Nightharp is gorgeous, a gentle, idyllic melodic song that fully evokes the images its title suggests. You’d expect to hear this music echo out over a valley under a lustrous full moon, played plaintively upon the pipes or a lute by some forlorn shepherd or vagabond soul.
There’s plenty more to love here; you should find out for yourself just how satisfying this performance really is. I think the addition of Lithuma Qnombus adds some meat to the stew that contemporary prog fans will prefer. There’s certainly a progressive feel to all of the music and in ways it all reminds me of the musical philosophy that, say,
Genesis or Van der Graaf Generator or even Renaissance adopted in its heyday of sonic discourse.
If you detest Japanese singing (and you might), this DVD is sure to rub you the wrong way. But I can only recommend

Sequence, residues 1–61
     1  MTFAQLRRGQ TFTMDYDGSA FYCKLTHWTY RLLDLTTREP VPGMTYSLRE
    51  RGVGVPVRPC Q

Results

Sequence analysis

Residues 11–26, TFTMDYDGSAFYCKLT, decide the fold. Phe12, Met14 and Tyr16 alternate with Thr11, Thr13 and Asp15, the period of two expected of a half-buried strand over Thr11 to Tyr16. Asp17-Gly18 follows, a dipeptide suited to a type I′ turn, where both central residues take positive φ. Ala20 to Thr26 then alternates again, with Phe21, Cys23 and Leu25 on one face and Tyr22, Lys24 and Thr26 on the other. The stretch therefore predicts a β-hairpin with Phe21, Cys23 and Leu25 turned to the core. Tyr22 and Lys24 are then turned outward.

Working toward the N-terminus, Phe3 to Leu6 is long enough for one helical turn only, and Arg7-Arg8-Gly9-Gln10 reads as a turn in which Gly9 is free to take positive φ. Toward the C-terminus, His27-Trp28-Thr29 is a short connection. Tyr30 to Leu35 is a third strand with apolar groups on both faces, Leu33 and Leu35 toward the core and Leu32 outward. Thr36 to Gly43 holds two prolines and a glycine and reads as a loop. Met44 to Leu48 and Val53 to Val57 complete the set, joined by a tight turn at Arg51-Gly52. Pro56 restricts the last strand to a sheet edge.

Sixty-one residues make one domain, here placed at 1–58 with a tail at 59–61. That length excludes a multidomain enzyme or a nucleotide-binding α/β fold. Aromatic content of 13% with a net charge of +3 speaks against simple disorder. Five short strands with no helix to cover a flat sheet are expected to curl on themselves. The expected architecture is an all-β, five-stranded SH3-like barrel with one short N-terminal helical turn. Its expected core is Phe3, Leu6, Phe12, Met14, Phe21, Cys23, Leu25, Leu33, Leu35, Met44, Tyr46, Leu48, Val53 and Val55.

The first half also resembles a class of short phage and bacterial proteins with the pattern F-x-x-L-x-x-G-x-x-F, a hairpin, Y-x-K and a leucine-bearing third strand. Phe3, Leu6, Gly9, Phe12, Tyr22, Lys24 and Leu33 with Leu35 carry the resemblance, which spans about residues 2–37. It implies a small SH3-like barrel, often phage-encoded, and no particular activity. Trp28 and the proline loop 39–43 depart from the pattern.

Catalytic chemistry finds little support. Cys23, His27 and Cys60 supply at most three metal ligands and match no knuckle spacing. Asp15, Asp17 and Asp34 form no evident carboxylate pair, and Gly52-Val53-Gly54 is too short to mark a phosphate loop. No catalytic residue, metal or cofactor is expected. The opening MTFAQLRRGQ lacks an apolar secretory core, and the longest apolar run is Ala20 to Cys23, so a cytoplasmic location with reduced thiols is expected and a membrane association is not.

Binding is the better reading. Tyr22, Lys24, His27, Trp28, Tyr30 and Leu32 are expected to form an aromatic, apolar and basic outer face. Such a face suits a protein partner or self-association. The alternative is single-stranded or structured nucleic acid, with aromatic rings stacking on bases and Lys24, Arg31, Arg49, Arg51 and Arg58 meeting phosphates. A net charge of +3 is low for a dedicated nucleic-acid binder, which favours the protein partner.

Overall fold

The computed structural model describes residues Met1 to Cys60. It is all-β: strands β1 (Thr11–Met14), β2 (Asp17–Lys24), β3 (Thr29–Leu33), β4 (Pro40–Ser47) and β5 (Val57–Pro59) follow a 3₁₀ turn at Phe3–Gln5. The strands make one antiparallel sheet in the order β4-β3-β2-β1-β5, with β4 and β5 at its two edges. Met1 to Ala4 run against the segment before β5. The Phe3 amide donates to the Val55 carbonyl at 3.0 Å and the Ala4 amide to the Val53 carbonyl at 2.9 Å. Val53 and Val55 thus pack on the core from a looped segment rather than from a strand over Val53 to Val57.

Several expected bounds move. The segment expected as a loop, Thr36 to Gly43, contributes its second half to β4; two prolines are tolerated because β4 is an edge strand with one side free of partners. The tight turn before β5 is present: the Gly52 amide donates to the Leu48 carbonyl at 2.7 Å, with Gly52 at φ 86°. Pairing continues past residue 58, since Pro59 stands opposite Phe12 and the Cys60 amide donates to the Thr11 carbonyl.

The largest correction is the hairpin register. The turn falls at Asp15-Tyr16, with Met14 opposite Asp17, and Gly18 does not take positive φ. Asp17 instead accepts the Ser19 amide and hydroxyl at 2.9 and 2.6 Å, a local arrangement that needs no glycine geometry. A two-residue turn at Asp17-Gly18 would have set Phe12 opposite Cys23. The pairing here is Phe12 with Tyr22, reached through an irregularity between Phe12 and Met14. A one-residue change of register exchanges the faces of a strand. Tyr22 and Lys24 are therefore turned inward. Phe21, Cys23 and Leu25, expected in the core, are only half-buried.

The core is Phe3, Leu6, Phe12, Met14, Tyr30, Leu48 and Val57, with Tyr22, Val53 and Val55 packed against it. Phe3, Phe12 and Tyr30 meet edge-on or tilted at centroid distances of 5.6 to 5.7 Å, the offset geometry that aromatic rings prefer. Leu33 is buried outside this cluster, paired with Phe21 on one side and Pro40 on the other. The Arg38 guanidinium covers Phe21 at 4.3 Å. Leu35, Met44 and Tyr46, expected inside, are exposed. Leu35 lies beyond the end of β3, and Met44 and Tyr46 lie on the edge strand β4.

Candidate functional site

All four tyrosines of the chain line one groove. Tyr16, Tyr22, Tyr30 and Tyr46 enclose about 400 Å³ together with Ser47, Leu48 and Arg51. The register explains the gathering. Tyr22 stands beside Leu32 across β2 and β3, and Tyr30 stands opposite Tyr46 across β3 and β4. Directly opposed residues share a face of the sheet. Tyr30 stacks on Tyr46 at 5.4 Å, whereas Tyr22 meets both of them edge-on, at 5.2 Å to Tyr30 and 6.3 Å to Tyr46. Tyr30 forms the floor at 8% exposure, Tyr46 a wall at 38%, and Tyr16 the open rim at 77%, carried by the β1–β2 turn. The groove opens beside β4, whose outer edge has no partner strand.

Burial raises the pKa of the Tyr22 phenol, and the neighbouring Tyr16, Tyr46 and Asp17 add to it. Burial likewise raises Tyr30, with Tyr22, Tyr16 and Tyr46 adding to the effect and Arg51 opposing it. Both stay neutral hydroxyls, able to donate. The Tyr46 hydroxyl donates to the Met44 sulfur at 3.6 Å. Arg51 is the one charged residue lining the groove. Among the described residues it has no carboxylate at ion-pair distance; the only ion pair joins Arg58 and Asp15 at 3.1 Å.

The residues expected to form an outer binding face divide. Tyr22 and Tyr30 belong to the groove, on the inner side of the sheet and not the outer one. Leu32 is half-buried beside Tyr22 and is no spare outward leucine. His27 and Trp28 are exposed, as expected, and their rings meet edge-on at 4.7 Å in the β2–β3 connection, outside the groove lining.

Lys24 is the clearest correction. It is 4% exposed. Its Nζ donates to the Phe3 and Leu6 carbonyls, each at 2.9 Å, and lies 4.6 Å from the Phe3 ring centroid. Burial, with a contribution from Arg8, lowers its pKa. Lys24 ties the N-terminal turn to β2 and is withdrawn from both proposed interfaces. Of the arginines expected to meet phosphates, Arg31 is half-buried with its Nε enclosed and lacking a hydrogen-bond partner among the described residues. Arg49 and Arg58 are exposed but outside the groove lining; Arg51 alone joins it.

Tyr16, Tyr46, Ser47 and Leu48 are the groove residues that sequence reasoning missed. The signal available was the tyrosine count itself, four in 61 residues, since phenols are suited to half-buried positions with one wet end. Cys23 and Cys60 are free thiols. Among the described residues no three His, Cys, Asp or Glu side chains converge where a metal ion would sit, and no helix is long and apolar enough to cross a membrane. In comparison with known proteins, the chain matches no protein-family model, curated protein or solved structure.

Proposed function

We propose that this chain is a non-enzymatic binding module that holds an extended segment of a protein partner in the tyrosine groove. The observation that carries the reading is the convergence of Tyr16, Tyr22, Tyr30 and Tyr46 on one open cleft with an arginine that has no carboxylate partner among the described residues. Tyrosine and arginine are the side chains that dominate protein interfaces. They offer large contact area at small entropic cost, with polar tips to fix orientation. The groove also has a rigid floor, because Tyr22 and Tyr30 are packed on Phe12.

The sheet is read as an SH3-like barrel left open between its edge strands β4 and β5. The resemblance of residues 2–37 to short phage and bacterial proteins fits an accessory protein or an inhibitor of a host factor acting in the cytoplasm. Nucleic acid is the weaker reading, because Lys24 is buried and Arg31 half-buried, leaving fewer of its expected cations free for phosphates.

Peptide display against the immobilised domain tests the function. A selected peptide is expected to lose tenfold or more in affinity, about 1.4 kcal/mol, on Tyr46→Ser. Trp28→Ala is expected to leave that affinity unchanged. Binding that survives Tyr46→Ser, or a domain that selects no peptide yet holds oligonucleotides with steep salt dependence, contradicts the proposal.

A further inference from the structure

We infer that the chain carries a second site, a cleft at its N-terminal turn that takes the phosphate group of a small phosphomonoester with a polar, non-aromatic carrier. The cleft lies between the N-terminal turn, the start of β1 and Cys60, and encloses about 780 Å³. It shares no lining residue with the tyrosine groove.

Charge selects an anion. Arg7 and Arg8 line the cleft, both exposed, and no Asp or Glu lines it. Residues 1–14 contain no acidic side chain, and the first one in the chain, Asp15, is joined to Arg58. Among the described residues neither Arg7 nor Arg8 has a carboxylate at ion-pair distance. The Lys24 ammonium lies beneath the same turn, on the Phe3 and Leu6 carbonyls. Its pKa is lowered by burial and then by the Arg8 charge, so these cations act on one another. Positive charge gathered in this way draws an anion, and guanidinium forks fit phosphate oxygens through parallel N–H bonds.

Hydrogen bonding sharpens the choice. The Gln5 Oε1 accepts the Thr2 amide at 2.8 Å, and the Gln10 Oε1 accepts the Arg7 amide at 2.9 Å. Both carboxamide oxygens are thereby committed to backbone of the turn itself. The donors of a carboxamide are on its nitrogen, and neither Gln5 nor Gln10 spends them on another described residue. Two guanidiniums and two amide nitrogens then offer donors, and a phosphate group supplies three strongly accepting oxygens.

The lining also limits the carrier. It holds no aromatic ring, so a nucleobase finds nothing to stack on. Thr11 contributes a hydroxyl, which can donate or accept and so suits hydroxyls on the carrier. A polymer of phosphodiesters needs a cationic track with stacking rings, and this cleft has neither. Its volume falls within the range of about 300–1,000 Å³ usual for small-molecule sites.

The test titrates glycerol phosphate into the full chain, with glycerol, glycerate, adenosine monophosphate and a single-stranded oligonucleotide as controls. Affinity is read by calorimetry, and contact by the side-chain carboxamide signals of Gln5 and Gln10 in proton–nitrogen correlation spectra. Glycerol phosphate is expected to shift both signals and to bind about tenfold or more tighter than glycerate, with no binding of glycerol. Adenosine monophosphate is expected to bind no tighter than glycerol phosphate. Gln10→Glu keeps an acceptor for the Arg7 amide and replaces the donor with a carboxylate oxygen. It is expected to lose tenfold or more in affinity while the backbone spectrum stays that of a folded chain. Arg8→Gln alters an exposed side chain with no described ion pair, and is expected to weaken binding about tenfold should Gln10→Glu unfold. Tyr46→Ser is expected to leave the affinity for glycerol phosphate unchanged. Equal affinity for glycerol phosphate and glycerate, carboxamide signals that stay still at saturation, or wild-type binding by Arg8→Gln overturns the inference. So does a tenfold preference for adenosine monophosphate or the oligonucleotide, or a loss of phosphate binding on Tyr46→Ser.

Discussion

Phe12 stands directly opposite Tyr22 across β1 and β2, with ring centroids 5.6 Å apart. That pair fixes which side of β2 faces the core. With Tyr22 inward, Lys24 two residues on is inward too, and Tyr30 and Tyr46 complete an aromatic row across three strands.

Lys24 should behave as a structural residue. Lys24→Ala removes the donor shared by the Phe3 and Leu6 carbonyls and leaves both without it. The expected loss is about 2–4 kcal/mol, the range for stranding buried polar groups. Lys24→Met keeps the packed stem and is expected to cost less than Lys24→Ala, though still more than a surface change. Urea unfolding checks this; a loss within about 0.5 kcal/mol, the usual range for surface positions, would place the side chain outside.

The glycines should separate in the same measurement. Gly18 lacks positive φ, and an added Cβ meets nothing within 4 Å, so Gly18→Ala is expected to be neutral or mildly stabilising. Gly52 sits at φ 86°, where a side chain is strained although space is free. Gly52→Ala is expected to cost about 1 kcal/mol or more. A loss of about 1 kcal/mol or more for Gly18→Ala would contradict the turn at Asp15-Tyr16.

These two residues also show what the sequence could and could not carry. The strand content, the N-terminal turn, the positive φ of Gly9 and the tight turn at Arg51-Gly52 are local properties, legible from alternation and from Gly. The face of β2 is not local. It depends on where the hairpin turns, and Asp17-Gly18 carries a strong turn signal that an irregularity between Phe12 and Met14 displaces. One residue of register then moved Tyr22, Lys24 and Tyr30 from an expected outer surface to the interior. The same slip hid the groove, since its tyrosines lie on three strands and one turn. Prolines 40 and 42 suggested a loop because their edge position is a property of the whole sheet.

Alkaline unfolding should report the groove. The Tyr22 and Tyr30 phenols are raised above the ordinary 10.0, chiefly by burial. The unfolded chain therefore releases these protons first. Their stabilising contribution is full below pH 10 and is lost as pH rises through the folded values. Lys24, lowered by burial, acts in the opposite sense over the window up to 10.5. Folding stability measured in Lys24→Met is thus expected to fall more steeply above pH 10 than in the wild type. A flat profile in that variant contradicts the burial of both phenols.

Quikion And Lithuma Qnombus Live without reservation to the same audience that might appreciate
Ramadan: prog fans that thrive upon the strange instrumentation of forgotten times, that favour (or simply like) all-acoustic efforts bolstered by a driving rhythm section, and greet Japanese pop music in general with applause. This is niche music, to some degree, but it is remarkable.
Conclusion: 8 out of 10
JOHN J SHANNON
Tadashi Goto - Soundscape
Tracklist: Moratorium (1:24), World Update (3:29), Lapstone (4:36), Depth Interview (3:37), Loveless (3:54), Soundscape [i] Collision Course [ii] Apocalypic Statement [iii] Chaos And Complexity [iv] Pendulum Syndrome [v] Chaos And Negativity [vi] On The Edge Of Nowhere (11:08), A Priori (1:37), Science Without Humanity (5:24), Swan Song [i] Cold Turkey [ii] Zero Hour (6:03), The Uncertainty Of Life (4:11), Yin And Yang [i] Grand Delusion [ii] Wailling Wall [iii] The Great Awakening (4:32)